To add more insults to injury, many people who should have helped in the fight against the ills of corruption are often of the pessimistic opinion that any weapon formed against corruption is a wild goose chase since according to them, the menace of corruption has reached a momentum that cannot be reversed. As if that is also not enough, a multitude of our population is highly confused and deeply dumfounded as to what behaviours constitute corruption, making the situation looks like we are chasing an animal that we do not even know in the first place. What a hell!

So, what is corruption?
The Webster New Collegiate Dictionary defines corruption as” an inducement to wrong by bribery or other unlawful improper means and as an impairment of integrity, virtue or moral principle.”

According to the Transparency International,” corruption involves behaviour on the part of officials in the public sector, whether politicians or civil servant, in whom they improperly and unlawfully enrich themselves, or those close to them by the misuse of the public power entrusted to them.” Alatas (1990) opined that corruption has to do with the abuse of trust in the interest of private gain. It is therefore, an unethical form of influence employed by people to get things they want.

While corruption may exist in human set up, it appears that corruption in government is the worst. Government corruption may be defined as the abuse of public power for private gain. Corrupt public officials often appropriate goods, take advantage of services to which they are not entitled, or outright stealing of funds. As if that is not enough, they use their position to favour their friends and relatives in an unfair manner.

According to the 2013 Global Corruption Barometer, published by Transparency International, people worldwide have the perception that the five most corrupt institutions are political parties, the police, public officials, the legislature, and the judiciary. In 2013, some 22,000 public officials in South Africa were charged with misconduct for corrupt activities. In the year 2012, in Brazil, 25 people were convicted of using public funds to buy political support. Among those convicted was the former president’s chief of staff, the second most powerful man in the country. Also, in Seoul, South Korea, 502 people died in a department –store collapse in 1995. Investigators found that city officials had been bribed to allow contractors to use substandard concrete and violate safety rules. ‘’The extent of corruption in Europe is just breathtaking’’, according to European Commission Home Affairs Commissioner Cecilia Malmstrom. She added that ‘’the political commitment to really root out corruption seems to be missing.’’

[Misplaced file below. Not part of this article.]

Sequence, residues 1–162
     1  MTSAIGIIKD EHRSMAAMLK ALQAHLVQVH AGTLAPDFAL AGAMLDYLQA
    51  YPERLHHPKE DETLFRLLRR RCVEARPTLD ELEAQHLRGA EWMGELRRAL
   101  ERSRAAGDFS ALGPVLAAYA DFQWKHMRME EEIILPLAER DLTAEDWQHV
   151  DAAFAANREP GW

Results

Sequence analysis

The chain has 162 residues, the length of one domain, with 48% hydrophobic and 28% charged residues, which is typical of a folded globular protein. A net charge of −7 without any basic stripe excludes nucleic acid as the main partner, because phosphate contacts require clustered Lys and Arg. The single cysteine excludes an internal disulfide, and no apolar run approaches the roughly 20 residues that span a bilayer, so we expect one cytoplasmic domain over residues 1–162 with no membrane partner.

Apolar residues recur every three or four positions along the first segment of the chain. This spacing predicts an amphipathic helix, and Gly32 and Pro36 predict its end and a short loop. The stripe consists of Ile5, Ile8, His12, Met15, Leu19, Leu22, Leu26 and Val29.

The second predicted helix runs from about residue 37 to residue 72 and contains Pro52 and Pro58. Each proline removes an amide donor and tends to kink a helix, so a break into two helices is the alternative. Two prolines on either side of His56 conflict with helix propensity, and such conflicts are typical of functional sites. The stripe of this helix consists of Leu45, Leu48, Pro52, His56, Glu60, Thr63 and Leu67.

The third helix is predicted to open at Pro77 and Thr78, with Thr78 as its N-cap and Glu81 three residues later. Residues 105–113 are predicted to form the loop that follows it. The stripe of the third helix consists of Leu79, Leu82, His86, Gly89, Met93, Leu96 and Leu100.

Government corruption has reached an astronomical proportion with deep roots. Professor Susan Rose-Ackerman, an expert on the subject of corruption, wrote that reform would require ‘’fundamental changes in the way government does business.’’ In Ghana today, many citizens are anxiously waiting for the arrival of the much talked about “Independent Prosecutor” as the last “Messiah” in our fight against the canker of corruption.

What forms of corruption are available? Elements of corruption include bribery, fraud, theft, extortion, nepotism, maladministration etc.

Bribery – Where an official accepts money or some other consideration to engage in a particular course of action or inaction.

According to Abochie (2002),’’ bribery is aimed at achieving two main goals namely:

1. To influence the trustee to bend the rules in favour of the giver.

2. To hasten the pace at which a legitimate official duty is performed in the interest of the giver’’.

Anin Commission (1975) defines bribery and corruption as the giving and receiving of a gift, or attempt to extort a gift or a valuable consideration whether in cash or kind with the objective of influencing a person in a position of trust to act in a way favourable to the interest of the giver.

The Anin Commission was categorically clear that if the people holding the position of trust himself or herself demands a gift from possible beneficiaries in order to favour them in the exercise of his or her duties or before performing his functions, the trustee is clearly corrupt. The difference here is that the bribe is not willingly given but extorted. The giving or receiving of such gifts or valuable consideration in cash or kind is wrong whether it is given before or after the trustee has exercised his or her duties improperly in favour of the giver.